A lot of Dutch students live in fraternity or sorority houses, like Wies, who’s a member of Vindicat. ‘Our student association is basically all Dutch, so our houses also don’t have any internationals living in them’, she explains.
Because internationals don’t usually join the traditional Dutch student associations, that puts them at a disadvantage. In addition, oftentimes Dutch students come to Groningen with friends they know from school. ‘They don’t need to get to know new people and want a place for themselves’, says Wies.
She’d advise internationals to join an association. ‘That would definitely make it easier to get a place in a big student house like ours. But obviously, seeing that the other members are mostly Dutch might deter them.’
It doesn’t help that internationals often only stay for a short time. Many houses look for tenants who can stay for a few years, and so do the housemates, who prefer to have friends around who stay for longer.
Still, sometimes that short stay is to the internationals’ advantage. Jup lives in a fraternity house, but he currently has an international housemate. ‘We had to sublet a room for a few months and many internationals look for shorter stays, so it works’, he says. ‘We all love him, but we don’t have internationals often as we mainly search for new housemates within our association.’
And then there’s a practical reason why houses that have a room to let preclude internationals, explains Annyck. ‘Five hundred people have already responded to our ad. If we didn’t rule out internationals, that would have been even more.’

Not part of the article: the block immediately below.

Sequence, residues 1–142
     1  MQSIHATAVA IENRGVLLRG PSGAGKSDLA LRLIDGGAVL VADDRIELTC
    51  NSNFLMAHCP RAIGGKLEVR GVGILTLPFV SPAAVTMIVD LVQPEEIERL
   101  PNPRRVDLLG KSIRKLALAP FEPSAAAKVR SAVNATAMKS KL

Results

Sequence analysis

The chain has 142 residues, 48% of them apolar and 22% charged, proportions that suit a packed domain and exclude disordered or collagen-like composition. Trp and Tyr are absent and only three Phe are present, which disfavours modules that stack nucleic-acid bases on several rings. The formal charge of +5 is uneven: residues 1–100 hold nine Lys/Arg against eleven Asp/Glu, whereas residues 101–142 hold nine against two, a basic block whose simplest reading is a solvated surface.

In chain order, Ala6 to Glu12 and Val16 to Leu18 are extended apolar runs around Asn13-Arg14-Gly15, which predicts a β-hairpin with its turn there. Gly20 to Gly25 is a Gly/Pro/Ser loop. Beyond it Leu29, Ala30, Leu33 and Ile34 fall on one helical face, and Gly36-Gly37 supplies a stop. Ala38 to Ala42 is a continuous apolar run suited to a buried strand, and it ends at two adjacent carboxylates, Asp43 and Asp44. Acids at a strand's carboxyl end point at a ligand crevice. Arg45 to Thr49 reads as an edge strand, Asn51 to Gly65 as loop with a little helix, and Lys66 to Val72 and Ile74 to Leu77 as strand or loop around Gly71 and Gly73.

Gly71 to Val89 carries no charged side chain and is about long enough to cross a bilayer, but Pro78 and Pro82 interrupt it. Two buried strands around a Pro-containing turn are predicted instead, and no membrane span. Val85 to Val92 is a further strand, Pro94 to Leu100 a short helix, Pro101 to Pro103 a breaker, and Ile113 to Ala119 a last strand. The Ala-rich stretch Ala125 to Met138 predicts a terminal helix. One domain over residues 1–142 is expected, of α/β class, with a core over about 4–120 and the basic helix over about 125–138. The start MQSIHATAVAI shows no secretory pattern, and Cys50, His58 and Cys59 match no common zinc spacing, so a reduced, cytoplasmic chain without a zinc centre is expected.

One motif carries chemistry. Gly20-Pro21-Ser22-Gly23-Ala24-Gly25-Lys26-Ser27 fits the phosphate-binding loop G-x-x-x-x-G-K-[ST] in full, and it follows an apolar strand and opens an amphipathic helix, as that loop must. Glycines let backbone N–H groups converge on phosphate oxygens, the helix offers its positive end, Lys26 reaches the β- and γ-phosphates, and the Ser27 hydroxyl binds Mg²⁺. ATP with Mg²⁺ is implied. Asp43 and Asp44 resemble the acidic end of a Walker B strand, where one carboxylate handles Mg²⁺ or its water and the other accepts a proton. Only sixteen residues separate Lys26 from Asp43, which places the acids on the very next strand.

Groningen student union GSb believes Dutch students can be persuaded to welcome internationals into their houses, though. ‘We think that the image of international students in one’s home or safe space is a bit distorted among Dutch students’, says board secretary Ale Pieter ten Cate.
I think many Dutch students are not fully aware of the huge problems for internationals
Together with the Erasmus Student Network (ESN), and with the support of the municipality, they’re setting up the campaign Internationals Welcome to change that. ‘We’ve shot videos where we go to student houses where Dutch and international students live together, and we show how fun and great that can be’, says ESN president Hannah Jelkmann.
The videos will be published during the summer. ‘The situation will not change overnight; it’s a long-term goal’, says Ten Cate. ‘But we all want to see more mixed houses and create more awareness.’
Mix of students
It might just work, says Dutch student Tirza. ‘The housing situation is awful, for both Dutch students and internationals, but I think that many Dutch students are not fully aware of the huge problems for internationals. For us, it’s difficult to find a place, but definitely easier than for internationals.’
The municipality of Groningen is planning to tackle the problem on a more practical level, by making sure new student flats – like the building that’s being planned on Zernike Campus – have a mix of Dutch and international tenants. ‘We want this to slowly but surely become the norm in Groningen’, said outgoing alderman Roeland van Der Schaaf in his last press conference on June 1.
Meanwhile, Lorenzo keeps on searching, even though he’s overwhelmed by the whole situation. ‘I don’t know what will happen and where I will go. I feel anxious, frustrated, and unwelcome. It’s like a desperate fight for bread. Everyone is trying to grab the loaf before someone else takes it.’